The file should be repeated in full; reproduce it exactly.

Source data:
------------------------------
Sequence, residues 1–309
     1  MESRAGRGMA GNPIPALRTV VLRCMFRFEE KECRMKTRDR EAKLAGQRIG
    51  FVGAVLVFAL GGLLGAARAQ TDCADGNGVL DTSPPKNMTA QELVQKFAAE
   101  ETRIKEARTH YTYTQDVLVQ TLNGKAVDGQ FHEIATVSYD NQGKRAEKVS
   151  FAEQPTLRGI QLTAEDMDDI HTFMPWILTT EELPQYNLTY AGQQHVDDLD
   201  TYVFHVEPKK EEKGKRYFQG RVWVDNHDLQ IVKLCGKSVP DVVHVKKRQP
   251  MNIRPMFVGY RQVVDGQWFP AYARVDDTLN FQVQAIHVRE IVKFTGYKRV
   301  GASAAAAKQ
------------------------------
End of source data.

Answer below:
Sequence, residues 1–309
     1  MESRAGRGMA GNPIPALRTV VLRCMFRFEE KECRMKTRDR EAKLAGQRIG
    51  FVGAVLVFAL GGLLGAARAQ TDCADGNGVL DTSPPKNMTA QELVQKFAAE
   101  ETRIKEARTH YTYTQDVLVQ TLNGKAVDGQ FHEIATVSYD NQGKRAEKVS
   151  FAEQPTLRGI QLTAEDMDDI HTFMPWILTT EELPQYNLTY AGQQHVDDLD
   201  TYVFHVEPKK EEKGKRYFQG RVWVDNHDLQ IVKLCGKSVP DVVHVKKRQP
   251  MNIRPMFVGY RQVVDGQWFP AYARVDDTLN FQVQAIHVRE IVKFTGYKRV
   301  GASAAAAKQ